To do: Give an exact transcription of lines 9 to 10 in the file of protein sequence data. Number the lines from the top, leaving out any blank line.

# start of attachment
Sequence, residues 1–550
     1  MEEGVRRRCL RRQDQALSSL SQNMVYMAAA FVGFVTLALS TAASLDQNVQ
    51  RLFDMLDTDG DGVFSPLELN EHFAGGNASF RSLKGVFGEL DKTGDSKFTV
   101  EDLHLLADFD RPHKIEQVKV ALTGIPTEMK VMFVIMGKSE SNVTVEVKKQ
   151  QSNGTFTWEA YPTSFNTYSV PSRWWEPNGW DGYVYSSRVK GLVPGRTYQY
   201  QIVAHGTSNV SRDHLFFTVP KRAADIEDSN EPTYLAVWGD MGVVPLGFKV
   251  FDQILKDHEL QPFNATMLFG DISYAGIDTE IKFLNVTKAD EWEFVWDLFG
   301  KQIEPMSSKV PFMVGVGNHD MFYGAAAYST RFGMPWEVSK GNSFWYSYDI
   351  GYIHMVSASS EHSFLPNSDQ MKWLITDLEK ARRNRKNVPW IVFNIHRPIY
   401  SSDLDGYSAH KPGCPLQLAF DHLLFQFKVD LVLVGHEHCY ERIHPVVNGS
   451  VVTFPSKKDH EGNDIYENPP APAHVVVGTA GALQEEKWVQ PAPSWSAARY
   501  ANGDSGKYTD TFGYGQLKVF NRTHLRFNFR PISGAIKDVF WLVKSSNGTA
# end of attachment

   351  GYIHMVSASS EHSFLPNSDQ MKWLITDLEK ARRNRKNVPW IVFNIHRPIY
   401  SSDLDGYSAH KPGCPLQLAF DHLLFQFKVD LVLVGHEHCY ERIHPVVNGS